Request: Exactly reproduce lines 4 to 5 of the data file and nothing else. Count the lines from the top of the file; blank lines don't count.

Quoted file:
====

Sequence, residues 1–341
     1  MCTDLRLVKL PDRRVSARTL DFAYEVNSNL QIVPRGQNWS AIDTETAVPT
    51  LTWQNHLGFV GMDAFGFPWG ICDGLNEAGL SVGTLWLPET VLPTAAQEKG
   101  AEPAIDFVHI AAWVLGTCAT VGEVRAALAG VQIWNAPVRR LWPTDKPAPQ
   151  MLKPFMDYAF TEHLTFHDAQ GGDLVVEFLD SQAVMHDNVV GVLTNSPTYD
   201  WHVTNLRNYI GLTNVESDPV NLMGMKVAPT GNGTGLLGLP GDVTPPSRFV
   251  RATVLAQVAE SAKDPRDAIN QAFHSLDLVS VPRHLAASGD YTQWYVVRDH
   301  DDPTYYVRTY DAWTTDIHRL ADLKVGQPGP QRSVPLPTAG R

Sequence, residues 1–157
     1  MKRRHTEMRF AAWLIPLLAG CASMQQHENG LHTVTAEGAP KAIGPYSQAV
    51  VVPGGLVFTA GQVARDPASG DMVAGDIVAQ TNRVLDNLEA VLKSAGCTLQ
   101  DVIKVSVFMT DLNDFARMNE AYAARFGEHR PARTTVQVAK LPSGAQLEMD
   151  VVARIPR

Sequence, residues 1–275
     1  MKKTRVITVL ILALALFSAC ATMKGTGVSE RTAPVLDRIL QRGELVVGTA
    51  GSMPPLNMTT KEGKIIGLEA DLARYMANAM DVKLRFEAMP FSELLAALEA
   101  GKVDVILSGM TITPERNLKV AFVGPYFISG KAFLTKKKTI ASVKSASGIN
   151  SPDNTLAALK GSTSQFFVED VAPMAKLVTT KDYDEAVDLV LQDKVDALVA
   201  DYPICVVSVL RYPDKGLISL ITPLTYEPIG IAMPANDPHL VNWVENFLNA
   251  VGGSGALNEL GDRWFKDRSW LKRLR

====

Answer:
   101  AEPAIDFVHI AAWVLGTCAT VGEVRAALAG VQIWNAPVRR LWPTDKPAPQ
   151  MLKPFMDYAF TEHLTFHDAQ GGDLVVEFLD SQAVMHDNVV GVLTNSPTYD